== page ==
The E46 M3 FCAB connects the front control arm to the chassis and it is a regularly serviced bushing which you can find on our Ultimate E46 M3 Maintenance Guide. Front control arm bushings are very important to replace every 100k miles or so on a daily-driven car as it affects the car’s handling characteristics. The control arm connects to the front control arm bushing which is mounted on the chassis. A worn out FCAB may result in uneven tire wear and/or dull steering response.
Different bushing types
Factory rubber, polyurethane, delrin, spherical and monoball. What’s the difference between the different bushing materials? The one word you need to understand is deflection. Deflection basically means articulation and depending on the component deflection can be good or bad. For example, the front control arm bushings perform better with less deflection, however the RTAB needs articulation to bring power to the ground. For those that seek comfort, we recommend staying with factory, polyurethane, or even delrin.
Disclaimer: This DIY does require you to lift your car so please use proper tools and follow all safety procedures if you choose to attempt. This guide is for your reference only. We are not liable for any damages or injuries that result from this guide.
Tools needed for FCAB install
- Bushing press tool
- 3 jaw puller
- 16mm socket
- Torque wrench
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FCAB Installation Directions
I ended up getting the Turner Motorsport Greasable Monoball Front Control Arm Bushings for my car since I mostly use it for track. The monoball design basically eliminates any deflection in the bushing for the sharpest steering response, however for the Turner FCABs there is a delrin bushing between the monoball and bushing lollipop to decrease NVH. They swear it’s quiet enough to street. I’ll save that for another review, but let’s get into the install. This is my first time installing the E46 M3 FCAB and I’ll walk you through the steps so you don’t make the same mistakes I did. The installation is rather easy and the hardest part is pressing the bushing in and out.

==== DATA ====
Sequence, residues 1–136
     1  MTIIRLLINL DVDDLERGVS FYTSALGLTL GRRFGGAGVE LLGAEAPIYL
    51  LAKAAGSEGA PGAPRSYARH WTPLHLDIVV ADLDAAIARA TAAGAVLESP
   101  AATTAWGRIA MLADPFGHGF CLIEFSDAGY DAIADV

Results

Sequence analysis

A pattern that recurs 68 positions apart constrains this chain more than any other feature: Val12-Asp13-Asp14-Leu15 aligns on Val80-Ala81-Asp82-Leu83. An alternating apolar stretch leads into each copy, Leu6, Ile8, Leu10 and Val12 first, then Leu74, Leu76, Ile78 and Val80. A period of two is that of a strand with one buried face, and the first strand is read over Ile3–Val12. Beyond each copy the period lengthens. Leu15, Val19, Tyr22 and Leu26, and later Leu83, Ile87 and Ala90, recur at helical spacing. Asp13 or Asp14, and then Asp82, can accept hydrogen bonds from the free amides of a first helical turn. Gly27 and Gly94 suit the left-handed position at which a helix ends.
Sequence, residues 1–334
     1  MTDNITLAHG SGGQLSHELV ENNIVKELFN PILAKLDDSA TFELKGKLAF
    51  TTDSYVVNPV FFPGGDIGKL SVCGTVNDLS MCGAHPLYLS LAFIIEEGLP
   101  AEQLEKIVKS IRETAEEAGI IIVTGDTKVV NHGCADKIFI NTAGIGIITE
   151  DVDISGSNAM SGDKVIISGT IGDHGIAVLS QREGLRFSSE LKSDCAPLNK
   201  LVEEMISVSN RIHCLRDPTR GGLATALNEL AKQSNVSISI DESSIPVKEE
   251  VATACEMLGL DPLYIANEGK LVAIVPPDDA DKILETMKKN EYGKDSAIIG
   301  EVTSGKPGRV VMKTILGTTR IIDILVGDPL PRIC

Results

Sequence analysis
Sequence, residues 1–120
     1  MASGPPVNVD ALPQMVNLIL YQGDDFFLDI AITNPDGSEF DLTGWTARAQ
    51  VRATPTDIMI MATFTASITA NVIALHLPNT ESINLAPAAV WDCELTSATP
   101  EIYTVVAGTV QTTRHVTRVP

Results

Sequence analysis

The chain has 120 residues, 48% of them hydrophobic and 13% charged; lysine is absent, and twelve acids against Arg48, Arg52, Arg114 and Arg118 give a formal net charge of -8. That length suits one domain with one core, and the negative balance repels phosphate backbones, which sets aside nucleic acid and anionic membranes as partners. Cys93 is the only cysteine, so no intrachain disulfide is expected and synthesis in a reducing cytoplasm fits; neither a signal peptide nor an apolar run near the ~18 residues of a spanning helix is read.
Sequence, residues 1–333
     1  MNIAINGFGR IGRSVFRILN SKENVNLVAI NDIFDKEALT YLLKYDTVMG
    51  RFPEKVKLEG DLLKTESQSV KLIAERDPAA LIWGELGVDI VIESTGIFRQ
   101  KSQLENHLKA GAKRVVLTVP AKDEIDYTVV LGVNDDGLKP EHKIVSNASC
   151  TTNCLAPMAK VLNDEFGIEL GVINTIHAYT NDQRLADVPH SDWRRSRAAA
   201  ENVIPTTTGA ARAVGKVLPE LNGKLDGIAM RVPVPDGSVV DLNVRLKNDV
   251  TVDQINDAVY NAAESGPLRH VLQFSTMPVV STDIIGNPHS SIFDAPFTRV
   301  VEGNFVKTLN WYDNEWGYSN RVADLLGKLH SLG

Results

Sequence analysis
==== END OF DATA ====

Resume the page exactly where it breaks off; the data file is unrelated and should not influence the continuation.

1. Jack up the car
1.1 Straighten your wheel and use the center jack point to lift the front.
1.2 Place 2 jack stands to keep the front of the car lifted.
1.3 Use jack or tire as an emergency backup support.
1.4 Remove plastic under tray located underneath the car. There are seven 8mm hex screws total.
1.5 Remove metal under tray brace using 16mm socket.
2. Remove headlight auto leveling sensor (for those applicable)
2.1 Take a small pry bar or flat head to release the clip on the passenger side front control arm.
3. Remove FCAB lollipop housing
3.1 There are 2 16mm bolts holding the lollipop in place. Your control arm will droop down to access the bushing.
3.2 Use a 3-jaw puller to remove the bushing from the front control arm. In this picture below the front control arm is completely off the car because I replaced the arms as well. You should be able to use the puller while the arm is still on.
4. Press out the old FCAB
4.1 Use a bushing press tool to remove the old FCAB. I rented a ball joint separator from Autozone, but I do not recommend using this tool! It’s worth a try though since it’s free, but I couldn’t find a spacer that fit the circumference of the bushing.
5. Press the new FCAB into the original lollipop/housing
5.1 I went to a shop to get the new ones pressed in. Did not want to chance on the brand new bushings.
6. Install FCAB onto control arm
6.1 I lubed the inside of the bushing with dish soap since everyone does this method, however it is very important that you seat the car on the ground while the soap is still wet. Settling the car after the soap dries up will result in the bushings not sitting correctly.
7. Install FCAB
7.1 Insert the two 16mm bolts and torque to 44 ft-lbs (60 Nm).
7.2 Install headlight leveling sensor, front brace and under tray. Torque front brace to 43.5 ft-lbs + 45-90 degree turn.